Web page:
Under Rich Earth (Bajo Suelos Ricos) tells the story of a small agrarian town in northern Ecuador, and their struggle to defend the land against the Canadian mining company Ascendant Copper.
Confronted with the prospect of eviction, the town of Junin came together and risked their lives to stop the mining company.
In 2006 Ascendant Copper sent paramilitary troops to terrify the town so they would give up their land. But the town didn’t simply cower away as Ascendant had hoped. Instead, they charged out and caught 56 of the armed men, who were shooting bullets into the air and pepper spray into the faces of anyone that went near them.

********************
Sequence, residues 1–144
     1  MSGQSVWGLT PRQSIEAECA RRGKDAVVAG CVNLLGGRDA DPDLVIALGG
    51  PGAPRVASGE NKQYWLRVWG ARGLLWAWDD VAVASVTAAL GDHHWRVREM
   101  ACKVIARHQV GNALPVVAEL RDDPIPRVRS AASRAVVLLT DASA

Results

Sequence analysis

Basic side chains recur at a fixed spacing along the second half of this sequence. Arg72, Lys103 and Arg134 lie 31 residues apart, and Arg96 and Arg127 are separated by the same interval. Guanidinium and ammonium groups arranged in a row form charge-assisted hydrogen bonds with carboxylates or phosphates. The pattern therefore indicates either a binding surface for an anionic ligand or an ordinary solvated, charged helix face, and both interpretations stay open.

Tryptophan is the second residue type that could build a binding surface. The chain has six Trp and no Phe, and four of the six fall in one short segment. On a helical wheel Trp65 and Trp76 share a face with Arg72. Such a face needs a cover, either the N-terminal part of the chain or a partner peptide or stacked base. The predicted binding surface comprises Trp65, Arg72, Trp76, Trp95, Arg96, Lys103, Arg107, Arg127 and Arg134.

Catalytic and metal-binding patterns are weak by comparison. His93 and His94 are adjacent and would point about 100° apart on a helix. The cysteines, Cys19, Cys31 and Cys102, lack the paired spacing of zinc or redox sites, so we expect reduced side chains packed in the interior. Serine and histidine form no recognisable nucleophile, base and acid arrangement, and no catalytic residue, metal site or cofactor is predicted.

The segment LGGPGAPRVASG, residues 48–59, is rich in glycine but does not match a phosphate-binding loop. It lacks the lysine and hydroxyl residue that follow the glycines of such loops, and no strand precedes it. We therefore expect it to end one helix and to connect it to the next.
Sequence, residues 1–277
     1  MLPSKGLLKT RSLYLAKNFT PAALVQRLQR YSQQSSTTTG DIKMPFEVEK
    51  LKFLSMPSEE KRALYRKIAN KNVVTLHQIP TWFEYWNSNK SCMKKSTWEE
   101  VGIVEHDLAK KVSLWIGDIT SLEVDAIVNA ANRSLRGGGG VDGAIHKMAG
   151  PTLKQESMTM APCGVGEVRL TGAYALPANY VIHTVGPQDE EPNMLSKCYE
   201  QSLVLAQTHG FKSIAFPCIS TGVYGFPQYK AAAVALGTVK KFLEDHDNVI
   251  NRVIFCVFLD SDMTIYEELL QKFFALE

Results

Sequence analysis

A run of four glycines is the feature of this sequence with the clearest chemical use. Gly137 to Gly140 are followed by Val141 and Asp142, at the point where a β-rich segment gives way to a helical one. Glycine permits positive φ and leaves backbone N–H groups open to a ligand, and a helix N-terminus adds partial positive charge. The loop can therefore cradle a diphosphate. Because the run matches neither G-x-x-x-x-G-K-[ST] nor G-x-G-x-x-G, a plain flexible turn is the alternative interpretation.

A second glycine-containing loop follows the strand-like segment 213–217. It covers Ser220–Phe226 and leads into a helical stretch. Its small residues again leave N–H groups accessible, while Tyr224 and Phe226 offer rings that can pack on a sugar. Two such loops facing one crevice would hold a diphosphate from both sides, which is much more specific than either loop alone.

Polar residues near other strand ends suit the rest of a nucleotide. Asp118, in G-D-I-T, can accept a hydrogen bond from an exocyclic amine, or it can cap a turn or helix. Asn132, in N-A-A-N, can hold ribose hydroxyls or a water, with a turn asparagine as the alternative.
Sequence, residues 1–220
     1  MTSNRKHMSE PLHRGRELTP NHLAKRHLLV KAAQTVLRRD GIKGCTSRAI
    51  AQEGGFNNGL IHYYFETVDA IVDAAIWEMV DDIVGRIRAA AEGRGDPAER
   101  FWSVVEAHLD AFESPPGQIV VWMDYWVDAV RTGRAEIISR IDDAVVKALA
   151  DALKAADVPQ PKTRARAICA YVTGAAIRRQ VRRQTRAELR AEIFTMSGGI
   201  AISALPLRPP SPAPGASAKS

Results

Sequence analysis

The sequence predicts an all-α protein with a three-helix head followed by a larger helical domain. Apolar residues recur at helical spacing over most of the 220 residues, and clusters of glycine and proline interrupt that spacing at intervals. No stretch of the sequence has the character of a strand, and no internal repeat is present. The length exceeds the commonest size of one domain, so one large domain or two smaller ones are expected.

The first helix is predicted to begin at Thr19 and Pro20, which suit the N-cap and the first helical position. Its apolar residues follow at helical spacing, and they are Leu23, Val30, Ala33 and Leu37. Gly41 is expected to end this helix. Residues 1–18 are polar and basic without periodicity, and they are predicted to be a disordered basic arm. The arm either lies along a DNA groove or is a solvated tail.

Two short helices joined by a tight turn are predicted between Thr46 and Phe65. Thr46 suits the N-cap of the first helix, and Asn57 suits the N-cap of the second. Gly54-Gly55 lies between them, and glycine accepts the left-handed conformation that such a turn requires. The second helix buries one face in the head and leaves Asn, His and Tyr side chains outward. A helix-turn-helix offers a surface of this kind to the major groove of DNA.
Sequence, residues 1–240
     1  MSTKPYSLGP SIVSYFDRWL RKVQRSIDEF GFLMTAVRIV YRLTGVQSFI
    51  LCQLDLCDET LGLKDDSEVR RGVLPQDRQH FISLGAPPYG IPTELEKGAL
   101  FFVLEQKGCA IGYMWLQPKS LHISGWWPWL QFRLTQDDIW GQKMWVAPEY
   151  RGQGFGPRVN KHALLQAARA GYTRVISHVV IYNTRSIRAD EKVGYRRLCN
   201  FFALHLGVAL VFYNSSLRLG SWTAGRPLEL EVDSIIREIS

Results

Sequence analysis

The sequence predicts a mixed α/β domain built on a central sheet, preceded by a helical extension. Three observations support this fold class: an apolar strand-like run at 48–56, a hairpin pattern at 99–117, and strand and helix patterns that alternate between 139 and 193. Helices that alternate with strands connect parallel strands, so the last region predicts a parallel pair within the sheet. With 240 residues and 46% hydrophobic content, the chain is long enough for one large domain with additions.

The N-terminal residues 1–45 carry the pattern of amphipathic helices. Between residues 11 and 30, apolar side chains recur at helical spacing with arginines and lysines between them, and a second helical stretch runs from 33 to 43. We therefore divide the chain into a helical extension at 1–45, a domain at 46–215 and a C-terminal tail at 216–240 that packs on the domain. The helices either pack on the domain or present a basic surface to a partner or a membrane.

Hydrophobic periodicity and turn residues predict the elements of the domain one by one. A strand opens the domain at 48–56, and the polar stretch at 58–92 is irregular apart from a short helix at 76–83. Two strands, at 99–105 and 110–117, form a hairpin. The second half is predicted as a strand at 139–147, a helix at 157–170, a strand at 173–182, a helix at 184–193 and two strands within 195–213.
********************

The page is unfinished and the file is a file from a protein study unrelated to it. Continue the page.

Under Rich Earth, which resembles the film, Kanehsatake: 270 Years of Resistance, reconstructs the events of this day, which ultimately led to victory for the People of Junin.
Above and beyond this day, Under Rich Earth is an “indictment of governmental largesse, environmental exploitation and corporate greed,” says Jesse Wente.
It is also a reminder that, despite the tactics of industry and government, which are so often designed to humiliate, divide, compromise and terrorize us into submission — the reward for standing up and doing what is right is always greater than the cost of accepting the unacceptable.
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